Francois Gadois: Dec 2 1632 Quebec – ?
Jeanne Gadois: June 26 1638 – June 26, 1638 Quebec
Joseph Godois: Sept 28 1639 – Oct 1639 Quebec
Jean-Baptiste Gadois: Mar 1, 1641 Quebec – April 15 1728 Montreal.
The inscriptions on Pierre Gadois Monument In Place d’Youville, Montreal reads, “C’est d’ici que Le 4 Janvier 1648 Maisonneuve determina les bornes de la premiere concession accordee a Pierre Gadoys il fixait ainsi l’orientation des rues de la future Ville” and on another side, “Stele erigee grace a L’Ordre des Arpenteurs- Geometres du Quebec, a L’Association des Detaillants de Monuments du Quebec, aux Archives Nationales du Quebec, aux Productions D’Amerique Francaise et Au Groupe de Recherche de Raymond Dumais Archivist.”
11 thoughts on “La Fermière Louise Mauger”
I just discovered that she is my 9x Great Grandmother! What a beautiful monument.
I think that Louise would be surprised at how many descendants she has and they now know something about her.
It is a beautiful monument.
Louise Mauger and Pierre Gadois are my 11th generation grandparents so it makes all us cousins! I live just outside Rochester, NY and I want to make a trip to see her statue. I love their story!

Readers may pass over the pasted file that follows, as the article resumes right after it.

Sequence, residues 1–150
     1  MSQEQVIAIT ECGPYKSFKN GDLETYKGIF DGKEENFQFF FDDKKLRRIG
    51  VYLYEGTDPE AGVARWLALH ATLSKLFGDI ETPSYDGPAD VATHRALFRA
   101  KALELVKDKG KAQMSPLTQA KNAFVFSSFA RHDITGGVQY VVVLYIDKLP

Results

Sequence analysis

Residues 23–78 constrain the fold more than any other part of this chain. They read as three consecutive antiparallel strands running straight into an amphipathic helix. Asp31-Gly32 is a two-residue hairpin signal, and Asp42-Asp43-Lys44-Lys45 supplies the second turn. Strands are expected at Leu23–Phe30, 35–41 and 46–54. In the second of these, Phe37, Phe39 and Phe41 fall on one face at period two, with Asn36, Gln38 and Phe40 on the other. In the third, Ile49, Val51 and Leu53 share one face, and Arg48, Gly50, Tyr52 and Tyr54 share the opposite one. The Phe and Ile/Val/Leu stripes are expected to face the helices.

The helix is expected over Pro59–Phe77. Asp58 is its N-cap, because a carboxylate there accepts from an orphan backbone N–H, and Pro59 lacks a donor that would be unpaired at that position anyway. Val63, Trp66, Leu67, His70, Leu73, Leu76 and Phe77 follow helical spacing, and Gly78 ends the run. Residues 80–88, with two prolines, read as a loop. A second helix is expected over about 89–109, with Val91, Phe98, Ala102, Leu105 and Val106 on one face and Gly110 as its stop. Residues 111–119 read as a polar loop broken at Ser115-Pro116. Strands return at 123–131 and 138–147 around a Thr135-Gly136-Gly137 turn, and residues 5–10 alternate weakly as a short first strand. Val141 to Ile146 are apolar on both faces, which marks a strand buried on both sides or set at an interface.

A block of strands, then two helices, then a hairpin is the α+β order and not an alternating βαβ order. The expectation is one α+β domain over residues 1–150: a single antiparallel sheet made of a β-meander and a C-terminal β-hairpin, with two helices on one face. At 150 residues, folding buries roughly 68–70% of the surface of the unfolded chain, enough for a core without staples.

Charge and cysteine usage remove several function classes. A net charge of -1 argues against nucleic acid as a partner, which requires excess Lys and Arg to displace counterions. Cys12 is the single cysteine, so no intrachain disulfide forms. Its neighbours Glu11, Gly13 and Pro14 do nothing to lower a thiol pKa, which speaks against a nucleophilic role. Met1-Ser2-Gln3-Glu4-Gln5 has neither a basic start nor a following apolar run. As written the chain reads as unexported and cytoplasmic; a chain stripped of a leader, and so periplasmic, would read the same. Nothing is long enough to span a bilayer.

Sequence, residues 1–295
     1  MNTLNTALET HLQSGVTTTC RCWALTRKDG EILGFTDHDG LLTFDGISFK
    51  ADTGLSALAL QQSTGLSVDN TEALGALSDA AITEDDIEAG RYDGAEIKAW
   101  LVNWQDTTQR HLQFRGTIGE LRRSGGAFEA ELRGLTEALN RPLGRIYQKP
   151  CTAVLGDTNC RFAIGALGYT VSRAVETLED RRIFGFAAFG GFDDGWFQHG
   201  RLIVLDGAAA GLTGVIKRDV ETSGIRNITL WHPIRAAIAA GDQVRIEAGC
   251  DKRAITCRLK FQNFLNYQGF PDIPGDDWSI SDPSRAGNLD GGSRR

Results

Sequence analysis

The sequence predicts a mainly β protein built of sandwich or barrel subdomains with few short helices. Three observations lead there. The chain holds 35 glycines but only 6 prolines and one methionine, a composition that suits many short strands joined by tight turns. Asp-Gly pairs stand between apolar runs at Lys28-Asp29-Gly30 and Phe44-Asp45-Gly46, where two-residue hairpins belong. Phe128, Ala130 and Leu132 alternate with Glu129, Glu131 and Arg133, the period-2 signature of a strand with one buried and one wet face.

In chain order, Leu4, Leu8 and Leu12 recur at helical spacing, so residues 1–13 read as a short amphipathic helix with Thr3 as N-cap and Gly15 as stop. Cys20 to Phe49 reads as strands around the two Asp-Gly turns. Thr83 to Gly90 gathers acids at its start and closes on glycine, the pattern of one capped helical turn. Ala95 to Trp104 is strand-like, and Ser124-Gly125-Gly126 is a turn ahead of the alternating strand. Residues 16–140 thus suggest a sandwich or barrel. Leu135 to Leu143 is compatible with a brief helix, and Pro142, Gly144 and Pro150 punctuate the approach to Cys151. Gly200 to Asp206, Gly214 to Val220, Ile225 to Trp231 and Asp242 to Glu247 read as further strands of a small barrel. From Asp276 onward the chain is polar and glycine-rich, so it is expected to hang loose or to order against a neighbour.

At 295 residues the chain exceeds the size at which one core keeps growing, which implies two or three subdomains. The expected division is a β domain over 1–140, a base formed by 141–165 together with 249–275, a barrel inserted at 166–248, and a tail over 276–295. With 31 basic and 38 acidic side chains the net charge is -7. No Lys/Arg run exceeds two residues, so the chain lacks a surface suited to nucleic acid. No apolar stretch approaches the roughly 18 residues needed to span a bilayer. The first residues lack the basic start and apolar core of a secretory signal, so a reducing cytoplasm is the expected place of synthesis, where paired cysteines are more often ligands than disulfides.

It is a very impressive statue. Well worth seeing. Glad you enjoyed the story.
Louise Mauger and Pierre Gadois are in my family tree. Their daughter Roberte Gadois (1628-1716) married Louis Prud-Homme in 1650. I saw her statue years ago but I had no idea who she was. Now I do!
Robert H. Picard
Glad to know you have seen the statue. It is very impressive!
Yes, the statue of Louise Mauger is impressive and she’s also part of my family. Louise Mauger is on my paternal side. The first of my paternal line came to Nouvelle France in the 1660s and married a fille du Roi. History is all so interesting and important to know.
I think Louise Mauger would be very surprised that there is a statue to her memory and that she has so many descendents that some have found out about her. She is on my maternal side.
I have traced her back to my 10th great grandmother.
Glad to hear from another cousin!